LAS VEGAS (KLAS) — The Nye County District Attorney’s Office has denied a request to prosecute a case against two Nye County Sheriff’s Department (NCSO) supervisors, officials said on Wednesday.

The case involved a dispute over a non-work-related Facebook politics page that was run by NCSO Capt. David Boruchowitz, Lt. Adam Tippetts and Sgt. Cory Fowles, according to the DA’s office. Tippetts and Fowles were accused of shutting Boruchowitz out of the page.

Nye County Sheriff Sharon Wehrly had asked the DA’s office to prosecute the officers under Nevada laws about conspiracy and computer activity.

“After carefully looking at the allegations and relevant laws, and personally reviewing the legislative history of the relevant laws, I can say with complete certainty that the allegations here are clearly not a criminal matter,” Nye County District Attorney Chris Arabia said.

“The laws at issue are meant to protect against things like serious financial fraud/theft, industrial espionage, and blocking people from computer systems or networks. These laws are not meant to resolve private disputes among people running a Facebook page,” Arabia said in the release.

The sheriff’s department said Wednesday the matter has been dropped and Tippetts and Fowles have been authorized to return to work.

Arabia also took exception to the time spent on the matter:

“I’m also concerned that there were 9 pages of written text summarizing the investigation in the police report referred to us for this matter, but my office has had reports referred to us from NCSO for sexual assault cases that have only 1-2 pages of written text summarizing the investigation,” the release said.

Descriptions of the allegations were initially described to the public only as violations of three Nevada Revised Statutes (NRS) — with no hint about the circumstances surrounding the allegations.

When pressed on Tuesday for a simple description of the circumstances, the sheriff’s department said only that no further information would be released that day.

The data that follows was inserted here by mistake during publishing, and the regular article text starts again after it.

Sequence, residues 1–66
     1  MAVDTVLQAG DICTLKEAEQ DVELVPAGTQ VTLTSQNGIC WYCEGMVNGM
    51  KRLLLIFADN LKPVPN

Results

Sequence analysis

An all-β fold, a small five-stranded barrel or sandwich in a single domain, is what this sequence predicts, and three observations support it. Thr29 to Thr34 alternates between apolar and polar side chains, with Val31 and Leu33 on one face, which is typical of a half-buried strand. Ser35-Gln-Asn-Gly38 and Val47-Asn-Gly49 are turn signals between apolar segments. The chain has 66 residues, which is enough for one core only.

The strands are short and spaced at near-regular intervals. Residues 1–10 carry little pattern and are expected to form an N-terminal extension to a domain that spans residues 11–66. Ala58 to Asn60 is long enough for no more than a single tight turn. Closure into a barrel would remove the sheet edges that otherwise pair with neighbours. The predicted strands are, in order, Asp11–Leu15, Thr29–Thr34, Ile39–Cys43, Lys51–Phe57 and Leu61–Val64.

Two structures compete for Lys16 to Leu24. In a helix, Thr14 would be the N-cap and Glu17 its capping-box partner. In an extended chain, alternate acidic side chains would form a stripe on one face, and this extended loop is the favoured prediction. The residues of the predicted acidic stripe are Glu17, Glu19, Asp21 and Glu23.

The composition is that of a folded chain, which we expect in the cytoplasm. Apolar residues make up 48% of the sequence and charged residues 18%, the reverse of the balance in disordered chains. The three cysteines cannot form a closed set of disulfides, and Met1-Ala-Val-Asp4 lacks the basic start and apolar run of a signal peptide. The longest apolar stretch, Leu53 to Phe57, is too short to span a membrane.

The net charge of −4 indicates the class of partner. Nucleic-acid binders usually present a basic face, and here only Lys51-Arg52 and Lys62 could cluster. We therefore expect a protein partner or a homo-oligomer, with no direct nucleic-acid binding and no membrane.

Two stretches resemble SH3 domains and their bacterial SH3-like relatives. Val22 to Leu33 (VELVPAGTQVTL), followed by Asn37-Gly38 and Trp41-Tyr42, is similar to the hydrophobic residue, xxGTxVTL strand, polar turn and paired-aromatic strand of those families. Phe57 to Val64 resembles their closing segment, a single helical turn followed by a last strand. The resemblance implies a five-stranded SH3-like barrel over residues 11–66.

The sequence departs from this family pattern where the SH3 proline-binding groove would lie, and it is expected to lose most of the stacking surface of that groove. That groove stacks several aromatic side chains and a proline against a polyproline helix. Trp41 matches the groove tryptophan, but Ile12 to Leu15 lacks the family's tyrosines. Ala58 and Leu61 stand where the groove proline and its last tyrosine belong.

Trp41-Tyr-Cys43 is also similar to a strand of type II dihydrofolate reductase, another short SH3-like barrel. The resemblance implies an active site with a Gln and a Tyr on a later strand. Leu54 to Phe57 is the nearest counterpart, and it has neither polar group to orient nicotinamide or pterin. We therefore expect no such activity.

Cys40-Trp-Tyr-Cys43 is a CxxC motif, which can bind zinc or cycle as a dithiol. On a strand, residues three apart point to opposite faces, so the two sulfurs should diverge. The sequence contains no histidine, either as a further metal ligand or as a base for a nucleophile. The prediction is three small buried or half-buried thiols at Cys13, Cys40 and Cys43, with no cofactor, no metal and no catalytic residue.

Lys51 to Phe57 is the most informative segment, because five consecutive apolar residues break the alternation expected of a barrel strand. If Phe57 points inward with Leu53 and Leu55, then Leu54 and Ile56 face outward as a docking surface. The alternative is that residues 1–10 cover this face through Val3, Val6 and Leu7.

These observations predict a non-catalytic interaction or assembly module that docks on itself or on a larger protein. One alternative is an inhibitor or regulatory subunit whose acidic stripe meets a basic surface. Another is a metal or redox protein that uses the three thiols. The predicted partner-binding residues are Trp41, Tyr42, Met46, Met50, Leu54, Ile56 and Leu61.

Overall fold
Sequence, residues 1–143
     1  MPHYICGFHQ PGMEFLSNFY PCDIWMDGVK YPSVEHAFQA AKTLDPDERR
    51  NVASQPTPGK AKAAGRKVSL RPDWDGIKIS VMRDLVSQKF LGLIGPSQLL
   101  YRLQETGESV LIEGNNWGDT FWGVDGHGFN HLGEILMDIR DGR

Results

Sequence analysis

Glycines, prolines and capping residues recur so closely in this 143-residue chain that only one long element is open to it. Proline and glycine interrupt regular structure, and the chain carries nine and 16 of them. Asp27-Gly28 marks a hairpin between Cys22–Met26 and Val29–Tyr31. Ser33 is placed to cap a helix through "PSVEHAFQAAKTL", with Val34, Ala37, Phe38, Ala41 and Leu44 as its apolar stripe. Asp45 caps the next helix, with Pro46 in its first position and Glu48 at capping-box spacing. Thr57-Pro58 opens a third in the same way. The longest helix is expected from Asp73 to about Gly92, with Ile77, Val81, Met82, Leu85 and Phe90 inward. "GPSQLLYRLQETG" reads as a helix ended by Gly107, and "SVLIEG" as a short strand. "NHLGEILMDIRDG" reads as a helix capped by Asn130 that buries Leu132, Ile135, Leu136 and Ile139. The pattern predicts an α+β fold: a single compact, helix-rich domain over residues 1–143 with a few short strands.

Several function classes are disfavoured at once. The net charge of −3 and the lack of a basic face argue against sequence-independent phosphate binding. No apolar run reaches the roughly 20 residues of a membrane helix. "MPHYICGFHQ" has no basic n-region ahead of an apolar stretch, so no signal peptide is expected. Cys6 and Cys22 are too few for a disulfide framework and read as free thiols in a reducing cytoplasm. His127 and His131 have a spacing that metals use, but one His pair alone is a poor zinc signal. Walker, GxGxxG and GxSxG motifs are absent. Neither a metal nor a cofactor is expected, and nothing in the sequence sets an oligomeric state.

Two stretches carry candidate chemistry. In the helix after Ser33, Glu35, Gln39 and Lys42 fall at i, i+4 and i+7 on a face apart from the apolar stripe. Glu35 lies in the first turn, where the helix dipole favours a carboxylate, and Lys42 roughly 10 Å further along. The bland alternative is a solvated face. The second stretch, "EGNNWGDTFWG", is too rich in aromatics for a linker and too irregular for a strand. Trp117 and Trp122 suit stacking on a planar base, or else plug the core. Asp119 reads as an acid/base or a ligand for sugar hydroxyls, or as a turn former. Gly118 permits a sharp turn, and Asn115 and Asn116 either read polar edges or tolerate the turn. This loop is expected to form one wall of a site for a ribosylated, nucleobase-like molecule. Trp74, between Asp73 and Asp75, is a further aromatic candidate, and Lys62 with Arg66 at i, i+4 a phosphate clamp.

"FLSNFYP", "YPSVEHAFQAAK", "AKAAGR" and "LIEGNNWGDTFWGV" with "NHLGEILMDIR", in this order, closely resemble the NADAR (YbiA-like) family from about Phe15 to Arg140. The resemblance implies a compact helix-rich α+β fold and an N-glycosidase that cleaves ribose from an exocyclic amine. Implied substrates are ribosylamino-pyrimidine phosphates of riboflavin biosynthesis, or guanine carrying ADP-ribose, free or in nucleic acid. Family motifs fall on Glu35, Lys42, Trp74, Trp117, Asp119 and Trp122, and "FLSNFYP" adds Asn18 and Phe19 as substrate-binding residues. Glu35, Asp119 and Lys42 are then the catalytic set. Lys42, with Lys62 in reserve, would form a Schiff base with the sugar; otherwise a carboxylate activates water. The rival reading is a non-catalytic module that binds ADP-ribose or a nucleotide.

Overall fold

The allegations included conspiracy and violations of two statutes related to computer activity, leaving a lot of room for public speculation about what actually happened:

  • NRS 199.480: Conspiracy
  • NRS 205.4765: Unlawful acts regarding computers (a property crime)
  • NRS 205.477: Unlawful acts relating to interference with the use of computers, systems, and networks

The sheriff’s office cast its actions as “transparent” in a Facebook post earlier Wednesday.

“Although we have taken some criticism in the media for our release our office is one of transparency regarding our officers’ conduct,” the post said.

The post continued, “In this case, two supervisors were accused of crimes and an investigator determined there was probable cause to submit the case for prosecution. The standard of probable cause is the lowest level of proof required in the criminal justice system. As a precaution when probable cause is determined to exist officers are placed on administrative leave, as is customary in all agencies across the nation.”

It added, “A press release was published in the interest of transparency regarding the alleged conduct of our officers.”